3.. The abolition of the Monarchy, following the insurrection of 10 August 1789, was largely the work of the organised Popular Movement, both Parisian and provincial (the fédérés who had marched to Paris from Marseilles and Brest). This dramatic event, marking the final demise of Absolute Monarchy in France, also marked the beginning of a new phase in the history of the Revolution - the declaration of the First French Republic; the introduction, for the first time in European history, of male universal suffrage; the rise to power of the Jacobins; and the introduction of a Constitution in 1793 - never implemented because of the war crisis, but, without question the most radical, in political and social terms (the right to work etc.) ever seen in Europe. Anatoli Ado again reminds us (p.306) that the continued insurrectionary activity of the peasantry in the countryside had played its part in destabilising the Constitutional Monarchy between 1789 and 1792.

4. Women played a far more positive and engagé role in the Revolution than was once thought, when every professor of history was male! Let us not exaggerate this point: women had been taught to 'know their (domestic) place' in the eighteenth century by no less a 'revolutionary' (?) figure than Jean-Jacques Rousseau. But, Darlene Levy and Harriet Applewhite argue, for example, that, during the spring and summer of 1792, 'The massive presence of women, their words and acts, made a historically significant difference in the dynamics and outcome of events. Women dramatically increased the numbers of those challenging the political status quo'. (See 'Women, radicalization, and the Fall of the French Monarchy' in Women and Politics in the Age of the Democratic Revolution).

4. The brief, and awkward, alliance between the Popular Movement, in Paris and the provinces, and the Jacobin Government of the Year 11 ( at least between the summer of 1793 and the spring of 1794) marked a stage (a) in the political organisation of ordinary people into clubs and Sections and (b) the outlines of a 'social policy' concerning the right to public welfare, public health, the right to work, vague notions on the 'nationalisation' of land and industry

which have led some historians to trace the origins of modern socialism back to 1789. Certainly some of the English Chartists, led by the radical Bronterre O'Brien, learned some of their social theories and political action from studying this period (Bronterre wrote a 500 page biography of Robespierre, for example). Much valuable work is now being done on 'health and happiness', on the social policies which affected the everyday lives of French men, women, and children, another bonus related to the increasing popularity of 'cultural studies'. I would argue that the Popular Movement, in Britain (read Tom Paine's Rights of Man) as well as in France, put 'the welfare State' on the political agenda, a century and a half before it was implemented. 'Cultures' do not pop out of hats like rabbits: they have to be fought for. (See C. Jones, 'Picking up the pieces: the politics and the personnel of social welfare from the Convention to the Consulate', in Beyond the Terror)

5. The motives behind the massive catholic royalist rebellion in the Vendée and the important, though less dangerous, revolt in the south-east of France need to be re-examined. Given the current emphasis on cultural history, new ways of looking at this problem - from the standpoint of religious affiliation, 'neighbourhood', 'community' etc. - are now being developed. We should have recalled earlier that the revolt in the Vendée exploded into a massive rebellion following the decree in March 1793 on mass mobilisation for the war effort. The Vendéan peasant and artisan did not feel 'French' enough to die for the Jacobins in Paris or the local urban bourgeoisie who had attacked his/her religion, stolen most of the local municipal offices, and bought up most of the National Lands on the market by 1793. In many ways, the French Revolution represented the impact of a national ideal on localised and provincial cultures. It is no coincidence that the regions where resistance to the Revolution was most widespread - the west and the south-east of France - were also the regions which, under the Old Regime, had enjoyed the greatest degree of administrative autonomy. Did the Vendéan peasant then die to protect his 'culture', his language, his catholic priest, rather than to protect a traditional economic system. Undoubtedly something in this; however, I stick to my gun - that many Vendéan peasants died, not just for 'King and Pope' - or, more likely for 'pays and priest' - but against the incursions of a new type of market capitalism which threatened to shut them out. In terms of the impact of the counter-revolution on the course of the Revolution - it was massive. It helped to legitimate the radical political and economic programme of the sansculotterie; it helped to forge the brief, 'unholy' alliance' of Jacobins and sansculottes; it provoked violent and bloody attacks on the catholic Church, and it went on well into the 1800s. The counter-revolution not only affected the course of the French Revolution, but the subsequent course of French history.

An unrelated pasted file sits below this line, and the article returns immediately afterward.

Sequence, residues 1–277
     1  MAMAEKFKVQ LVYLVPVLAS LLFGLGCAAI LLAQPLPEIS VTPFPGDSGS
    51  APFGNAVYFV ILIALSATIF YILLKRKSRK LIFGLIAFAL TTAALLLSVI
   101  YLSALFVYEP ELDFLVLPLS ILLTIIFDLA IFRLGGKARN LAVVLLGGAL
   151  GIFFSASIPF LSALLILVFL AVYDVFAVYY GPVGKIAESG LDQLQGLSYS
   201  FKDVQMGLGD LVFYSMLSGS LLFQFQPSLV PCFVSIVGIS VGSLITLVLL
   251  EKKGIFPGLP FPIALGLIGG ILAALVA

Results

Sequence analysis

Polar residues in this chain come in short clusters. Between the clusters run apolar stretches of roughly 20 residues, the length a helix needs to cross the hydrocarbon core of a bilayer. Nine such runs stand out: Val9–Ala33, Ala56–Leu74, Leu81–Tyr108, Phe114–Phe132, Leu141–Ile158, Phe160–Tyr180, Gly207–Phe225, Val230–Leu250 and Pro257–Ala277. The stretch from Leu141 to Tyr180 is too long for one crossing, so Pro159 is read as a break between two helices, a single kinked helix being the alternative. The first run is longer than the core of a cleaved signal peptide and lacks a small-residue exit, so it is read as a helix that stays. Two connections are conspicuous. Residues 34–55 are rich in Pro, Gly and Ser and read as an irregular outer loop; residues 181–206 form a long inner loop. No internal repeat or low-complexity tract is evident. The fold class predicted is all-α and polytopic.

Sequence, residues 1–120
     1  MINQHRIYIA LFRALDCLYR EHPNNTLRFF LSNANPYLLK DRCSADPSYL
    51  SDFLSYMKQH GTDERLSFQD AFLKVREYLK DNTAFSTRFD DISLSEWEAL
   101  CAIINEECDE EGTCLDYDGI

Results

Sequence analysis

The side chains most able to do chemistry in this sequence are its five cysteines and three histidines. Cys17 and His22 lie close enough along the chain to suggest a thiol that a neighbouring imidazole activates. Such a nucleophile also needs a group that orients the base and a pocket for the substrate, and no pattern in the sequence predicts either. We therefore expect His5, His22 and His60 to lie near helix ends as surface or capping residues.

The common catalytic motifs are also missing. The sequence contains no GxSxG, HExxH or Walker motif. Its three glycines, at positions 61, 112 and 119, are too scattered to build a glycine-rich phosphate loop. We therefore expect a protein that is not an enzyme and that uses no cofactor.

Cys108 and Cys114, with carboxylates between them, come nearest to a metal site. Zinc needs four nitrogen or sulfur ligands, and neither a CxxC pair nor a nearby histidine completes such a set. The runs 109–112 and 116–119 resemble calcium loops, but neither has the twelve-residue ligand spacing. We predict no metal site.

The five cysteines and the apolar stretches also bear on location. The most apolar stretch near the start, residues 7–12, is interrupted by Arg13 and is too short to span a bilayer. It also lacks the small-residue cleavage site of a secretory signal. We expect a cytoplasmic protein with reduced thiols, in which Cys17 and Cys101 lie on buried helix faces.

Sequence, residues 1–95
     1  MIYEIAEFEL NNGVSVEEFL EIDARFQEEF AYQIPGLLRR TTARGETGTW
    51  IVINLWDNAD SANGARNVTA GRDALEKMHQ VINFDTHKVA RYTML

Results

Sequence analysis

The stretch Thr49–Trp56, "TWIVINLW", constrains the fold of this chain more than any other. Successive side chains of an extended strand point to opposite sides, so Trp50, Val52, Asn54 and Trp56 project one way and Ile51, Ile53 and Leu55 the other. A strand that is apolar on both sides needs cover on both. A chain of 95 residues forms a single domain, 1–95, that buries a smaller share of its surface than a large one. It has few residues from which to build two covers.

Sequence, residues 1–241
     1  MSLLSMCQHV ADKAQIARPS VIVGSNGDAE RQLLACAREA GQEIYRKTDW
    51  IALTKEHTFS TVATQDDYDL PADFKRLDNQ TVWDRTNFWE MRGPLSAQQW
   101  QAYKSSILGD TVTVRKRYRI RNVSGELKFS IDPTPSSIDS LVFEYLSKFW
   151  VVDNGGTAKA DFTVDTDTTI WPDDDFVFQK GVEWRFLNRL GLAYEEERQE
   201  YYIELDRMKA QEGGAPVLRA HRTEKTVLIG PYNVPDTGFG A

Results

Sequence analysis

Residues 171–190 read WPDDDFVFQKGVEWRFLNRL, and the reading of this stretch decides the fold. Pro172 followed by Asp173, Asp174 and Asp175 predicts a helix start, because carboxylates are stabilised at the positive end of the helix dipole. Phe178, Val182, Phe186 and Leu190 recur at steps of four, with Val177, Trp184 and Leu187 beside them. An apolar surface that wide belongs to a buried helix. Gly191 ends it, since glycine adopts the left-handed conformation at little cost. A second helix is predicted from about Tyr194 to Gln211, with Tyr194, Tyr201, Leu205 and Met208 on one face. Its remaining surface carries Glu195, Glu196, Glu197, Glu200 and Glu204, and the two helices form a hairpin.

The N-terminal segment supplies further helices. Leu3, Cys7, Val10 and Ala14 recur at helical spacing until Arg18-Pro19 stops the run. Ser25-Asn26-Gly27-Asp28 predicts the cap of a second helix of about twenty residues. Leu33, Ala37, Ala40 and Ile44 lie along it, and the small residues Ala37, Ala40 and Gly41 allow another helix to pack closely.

6. BUT, let us not also forget that if France survived, miraculously, against the combined military might of Britain, Austria, Prussia, and other continental powers during the 1790s and 1800s, it was due, in no small measure, to the revolutionary élan produced by hundreds of thousands of pro-revolutionary artisans and peasants. It was also the ordinary people of France, mainly the peasants, who died in their hundreds of thousands on the battlefields of Europe between 1792 and 1815. It was 'the People' who saved the Revolution from its enemies abroad and at home, and saved the integrity of France as a nation. That is why the Right in France salute the tricolour and sing the Marseillaise (surely the most bloodthirsty of all anthems!) today.


There can be little doubt that the attempt on the part of many 'revisionist' historians to throw the popular baby out with the communist bathwater, and to relegate the significance of the French Revolution itself to a lower plane, has failed. Today, an increasing number of young scholars, male and female, black and white, Catholic, Protestant or Jew (remember, it was the French Revolution which first decreed the emancipation of blacks, Protestants, and Jews) are discovering, or re-discovering, the origins of their own democratic culture in the truly 'popular' movements of the French Revolution. This is not to say that there is not a huge contradiction lying at the heart of the French Revolution. It was a Revolution which preached universalist values, but, one which undoubtedly failed to live up to them, culminating in the military dictatorship of Napoleon Bonaparte. It was a Revolution which failed to give even the respectable poor a real stake in the new society; one which failed to give women, rich or poor, recognition of their right to a voice in public affairs. Children were to be seen, and not heard; women were to be heard, but not seen in the council-chambers of the nation. Property-owning blacks enjoyed a brief political emancipation after the 1794, but that died with Napoleon. Can this contradiction be resolved by arguing that, during the 1790s, the wealthier and cultured bourgeoisie transformed the universal idealism of 1789 into a narrow, conservative creed which satisfied their own aspirations? I would say, yes. As one young scholar David Andress, wrote in 1995: 'The epic of the Revolution is the attempt of excluded and oppressed groups to claim the language of liberty for their own'. Perhaps it is the epic of modern history ?